Pregnant hairdresser, 21, will give birth behind bars after killing boyfriend in crash when she boasted she could ‘beat the sat nav’ and get home in 10 minutes
- Megan Wagstaff caused death of Harry Jenks, 21, in Atherstone in Warwickshire
- The 21-year-old ploughed her Seat Ibiza into a tree following a night out last year
- Pregnant Wagstaff told Mr Jenks and friend Poppy Daniels she could beat sat nav
- But she lost control on double bend and vehicle took off and smashed into a tree
- Wagstaff jailed for two-and-half years and not to drive for six years, three months
Megan Wagstaff (pictured), 21, caused the death of Harry Jenks, 21, when she ploughed her Seat Ibiza into a tree following a night out on March 25 last year
A pregnant woman who killed her boyfriend in a horror crash after boasting she could ‘beat the sat nav’ will give birth behind bars after being jailed for two-and-a-half years.
Megan Wagstaff, 21, caused the death of Harry Jenks, 21, when she ploughed her Seat Ibiza into a tree following a night out on March 25 last year.
A court heard prior to the collision the car’s sat nav had told her their journey would take 25 minutes and Wagstaff bragged: ‘Well we’ll do it in ten.’
But the hairdresser lost control on a double bend and the vehicle took off and smashed into a tree, killing her boyfriend of two weeks in the back of the car.
Ambulance crews dashed to the scene in Atherstone, Warwickshire, but were unable to save Mr Jenks, a business management student at Aston University.
Wagstaff, from Sutton Coldfield, West Midlands, previously denied causing death by dangerous driving after claiming she had only been doing 30mph.
She later changed her plea to guilty and was jailed and banned from driving for six years and three months at Warwick Crown Court on Friday.
The court heard Wagstaff was pregnant and expecting her first child with her current boyfriend in September.
Sentencing, Anthony Potter told her: ‘The sad fact is that there is nothing I can do by way of sentence that can possibly reflect the loss of Harry Jenks to his family.
‘Motor vehicles of all sorts, if not driven with care, constitute lethal weapons. You were overconfident on a road you knew well, and ignored warning you were given.
Ambulance crews dashed to the scene in Atherstone, Warwickshire, but were unable to save Mr Jenks (left, with his mother Dawn), a business management student at Aston University. Right: Wagstaff
‘On being told how long the satnav system said it would take for that journey, you made a boast that you would be able to do it in less than half the time.
‘I am quite satisfied you took that as something of a challenge, and it led you to drive far too quickly for the road conditions where the road surface was damp.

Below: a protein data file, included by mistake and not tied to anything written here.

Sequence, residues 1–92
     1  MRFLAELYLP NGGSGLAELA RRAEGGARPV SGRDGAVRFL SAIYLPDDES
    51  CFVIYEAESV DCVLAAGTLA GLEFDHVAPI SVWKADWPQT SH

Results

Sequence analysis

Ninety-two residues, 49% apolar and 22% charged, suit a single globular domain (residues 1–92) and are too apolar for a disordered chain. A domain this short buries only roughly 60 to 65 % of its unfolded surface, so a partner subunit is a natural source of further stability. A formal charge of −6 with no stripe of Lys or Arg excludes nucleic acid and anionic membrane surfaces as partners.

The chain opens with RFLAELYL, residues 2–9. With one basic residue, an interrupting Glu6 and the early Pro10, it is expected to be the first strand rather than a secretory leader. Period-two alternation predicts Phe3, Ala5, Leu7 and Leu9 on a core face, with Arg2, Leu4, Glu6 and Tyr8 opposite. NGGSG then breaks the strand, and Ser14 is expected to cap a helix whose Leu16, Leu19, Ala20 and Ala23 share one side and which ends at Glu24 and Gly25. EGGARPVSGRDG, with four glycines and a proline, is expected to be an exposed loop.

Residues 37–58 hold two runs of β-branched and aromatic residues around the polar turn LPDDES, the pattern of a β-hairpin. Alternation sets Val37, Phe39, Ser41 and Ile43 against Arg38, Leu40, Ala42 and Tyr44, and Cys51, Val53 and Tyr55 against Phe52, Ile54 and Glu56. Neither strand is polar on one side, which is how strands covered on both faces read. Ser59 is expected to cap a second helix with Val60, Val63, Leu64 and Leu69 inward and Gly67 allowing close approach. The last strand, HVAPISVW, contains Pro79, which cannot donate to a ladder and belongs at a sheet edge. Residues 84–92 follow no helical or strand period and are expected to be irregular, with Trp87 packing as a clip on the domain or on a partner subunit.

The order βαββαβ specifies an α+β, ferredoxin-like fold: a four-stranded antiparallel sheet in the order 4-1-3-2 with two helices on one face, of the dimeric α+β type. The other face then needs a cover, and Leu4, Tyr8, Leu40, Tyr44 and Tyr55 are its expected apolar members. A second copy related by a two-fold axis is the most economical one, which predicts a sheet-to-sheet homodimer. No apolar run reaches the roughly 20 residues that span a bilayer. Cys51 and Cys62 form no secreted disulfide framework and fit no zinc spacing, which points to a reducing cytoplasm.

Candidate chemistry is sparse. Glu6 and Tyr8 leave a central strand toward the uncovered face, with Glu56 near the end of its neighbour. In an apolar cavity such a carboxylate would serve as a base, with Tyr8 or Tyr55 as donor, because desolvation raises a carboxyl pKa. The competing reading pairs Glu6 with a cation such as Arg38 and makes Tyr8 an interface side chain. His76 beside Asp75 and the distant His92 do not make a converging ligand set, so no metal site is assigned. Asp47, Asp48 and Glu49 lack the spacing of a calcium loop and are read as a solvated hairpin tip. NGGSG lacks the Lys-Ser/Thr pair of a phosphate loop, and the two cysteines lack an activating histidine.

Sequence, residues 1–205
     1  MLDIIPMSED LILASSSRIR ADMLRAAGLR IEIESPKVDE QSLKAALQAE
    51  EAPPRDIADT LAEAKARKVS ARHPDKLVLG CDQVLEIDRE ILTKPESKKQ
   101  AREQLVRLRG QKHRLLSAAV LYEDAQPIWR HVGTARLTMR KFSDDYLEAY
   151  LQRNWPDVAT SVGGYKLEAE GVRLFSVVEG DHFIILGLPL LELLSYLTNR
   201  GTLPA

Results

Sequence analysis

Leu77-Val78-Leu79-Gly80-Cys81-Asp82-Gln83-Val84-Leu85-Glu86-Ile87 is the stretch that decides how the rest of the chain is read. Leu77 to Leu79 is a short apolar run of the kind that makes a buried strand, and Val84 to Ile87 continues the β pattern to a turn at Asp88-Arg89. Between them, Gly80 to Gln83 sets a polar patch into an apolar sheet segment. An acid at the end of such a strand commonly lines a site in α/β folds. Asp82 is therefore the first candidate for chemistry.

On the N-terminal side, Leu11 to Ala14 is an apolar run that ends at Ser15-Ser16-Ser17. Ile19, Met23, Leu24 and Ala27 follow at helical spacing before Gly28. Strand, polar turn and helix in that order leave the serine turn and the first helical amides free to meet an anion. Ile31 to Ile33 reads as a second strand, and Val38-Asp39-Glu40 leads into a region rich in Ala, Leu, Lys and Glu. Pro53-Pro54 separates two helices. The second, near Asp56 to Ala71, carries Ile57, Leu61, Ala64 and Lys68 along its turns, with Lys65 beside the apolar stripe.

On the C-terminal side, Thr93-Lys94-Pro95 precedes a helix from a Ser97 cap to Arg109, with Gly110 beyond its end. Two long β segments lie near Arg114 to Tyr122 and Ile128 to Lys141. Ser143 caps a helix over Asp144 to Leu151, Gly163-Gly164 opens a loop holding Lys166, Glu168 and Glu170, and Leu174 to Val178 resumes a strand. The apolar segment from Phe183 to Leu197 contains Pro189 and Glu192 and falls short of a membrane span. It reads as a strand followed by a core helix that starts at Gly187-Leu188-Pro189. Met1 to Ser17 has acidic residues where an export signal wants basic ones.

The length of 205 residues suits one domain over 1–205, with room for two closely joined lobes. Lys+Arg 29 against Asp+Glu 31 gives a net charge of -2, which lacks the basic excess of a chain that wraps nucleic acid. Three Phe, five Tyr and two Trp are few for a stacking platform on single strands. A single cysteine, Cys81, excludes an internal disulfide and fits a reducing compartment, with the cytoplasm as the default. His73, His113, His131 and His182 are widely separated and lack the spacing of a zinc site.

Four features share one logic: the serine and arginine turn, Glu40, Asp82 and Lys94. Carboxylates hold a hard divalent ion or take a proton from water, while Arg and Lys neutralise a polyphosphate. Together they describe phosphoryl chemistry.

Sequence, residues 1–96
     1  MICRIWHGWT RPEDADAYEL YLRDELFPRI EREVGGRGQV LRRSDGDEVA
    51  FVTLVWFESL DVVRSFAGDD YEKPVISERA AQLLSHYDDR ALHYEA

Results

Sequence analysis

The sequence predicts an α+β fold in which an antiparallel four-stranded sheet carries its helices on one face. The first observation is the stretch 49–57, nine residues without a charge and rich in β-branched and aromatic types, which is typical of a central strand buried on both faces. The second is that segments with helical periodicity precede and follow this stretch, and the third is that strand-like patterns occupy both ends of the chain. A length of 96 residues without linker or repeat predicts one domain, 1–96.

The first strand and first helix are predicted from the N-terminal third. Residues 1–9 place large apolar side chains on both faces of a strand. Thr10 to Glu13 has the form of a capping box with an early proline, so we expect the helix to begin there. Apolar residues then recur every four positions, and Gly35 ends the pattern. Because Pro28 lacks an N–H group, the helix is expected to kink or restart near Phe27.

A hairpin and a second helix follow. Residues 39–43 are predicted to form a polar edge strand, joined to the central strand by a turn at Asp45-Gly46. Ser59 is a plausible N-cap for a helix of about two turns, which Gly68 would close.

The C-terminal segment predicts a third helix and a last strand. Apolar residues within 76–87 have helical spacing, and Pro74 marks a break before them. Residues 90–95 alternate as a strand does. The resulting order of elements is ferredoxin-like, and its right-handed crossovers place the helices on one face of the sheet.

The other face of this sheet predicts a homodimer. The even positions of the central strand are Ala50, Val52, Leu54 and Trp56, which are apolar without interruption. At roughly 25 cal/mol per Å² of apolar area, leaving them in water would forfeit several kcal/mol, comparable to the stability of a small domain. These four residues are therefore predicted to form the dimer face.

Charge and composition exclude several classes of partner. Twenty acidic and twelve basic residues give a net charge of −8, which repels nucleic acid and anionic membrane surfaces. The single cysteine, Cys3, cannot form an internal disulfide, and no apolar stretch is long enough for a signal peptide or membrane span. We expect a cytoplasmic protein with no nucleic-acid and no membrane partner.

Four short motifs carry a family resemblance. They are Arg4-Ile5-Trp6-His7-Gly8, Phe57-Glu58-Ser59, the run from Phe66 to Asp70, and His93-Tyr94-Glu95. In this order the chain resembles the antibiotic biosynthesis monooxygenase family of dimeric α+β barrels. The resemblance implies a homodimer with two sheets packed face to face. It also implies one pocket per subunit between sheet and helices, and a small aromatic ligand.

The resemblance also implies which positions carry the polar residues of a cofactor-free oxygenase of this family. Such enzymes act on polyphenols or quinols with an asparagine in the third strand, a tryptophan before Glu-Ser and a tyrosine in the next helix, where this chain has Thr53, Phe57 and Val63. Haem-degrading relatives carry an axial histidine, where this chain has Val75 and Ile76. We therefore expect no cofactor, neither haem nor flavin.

‘It is regrettable that when you were interviewed you did not tell the truth.
‘I’m not satisfied you were exceeding the speed limit, but you were doing well in excess of what was appropriate on that road in the circumstances.’
Prosecutor Antonie Muller said Mr Jenks, of Burntwood, Staffordshire, ‘was 21 years of age when he lost his life in the early hours of 25th of March 2019.
‘The car he was a passenger in was being driven by this defendant. It left the road and collided with a tree.’
Mr Muller said at 1.40am Wagstaff was driving on the B4116 Coleshill Road with her friend Poppy Daniels in the front and Mr Jenks in the back seat.
The three of them were heading to Coleshill, Warwickshire, and when they got in the car Miss Daniels had asked how long it would take.
Mr Jenks is pictured with his father Nigel. Mr Jenks’ mother Dawn said in a statement read in court his death had left her feeling suicidal
The Seat’s satnav indicated 25 minutes before Wagstaff boasted that she could do it in ten minutes.
Mr Muller added: ‘She certainly drove like that, and was told by both Poppy Daniels and Harry Jenks to slow down.
‘She did not, and moments before she lost control, she took her eyes off the road.
‘That road is a single lane in either direction, with solid white lines in the centre. It is not a straight road.
‘There is a distinct turn in one direction and then in the other, and it was the second turn she failed to take.’
‘She noticed the right-hand bend but was going too fast to negotiate the immediately following left-hand bend, mounting the kerb and striking a tree in mid-air with the off-side rear of the car.’
Mr Jenks was pronounced dead at the scene by paramedics while Miss Daniels had a bleed on the brain and other injuries and was in hospital for almost a week.
Mr Jenks’ mother Dawn said in a statement read in court his death had left her feeling suicidal.
She said she has to rely on antidepressants and sleeping tablets, adding: ‘There are no words to describe the pain we are going through.’
Lewis Perry, defending, said: ‘It is a tragic case, as everyone in court will appreciate, for all those involved – particularly for the deceased’s family, but also for Miss Wagstaff herself.’
He said she had suffered significant mental health issues since the incident and had received counselling, adding: ‘I submit that a suspended sentence would be proportionate.’
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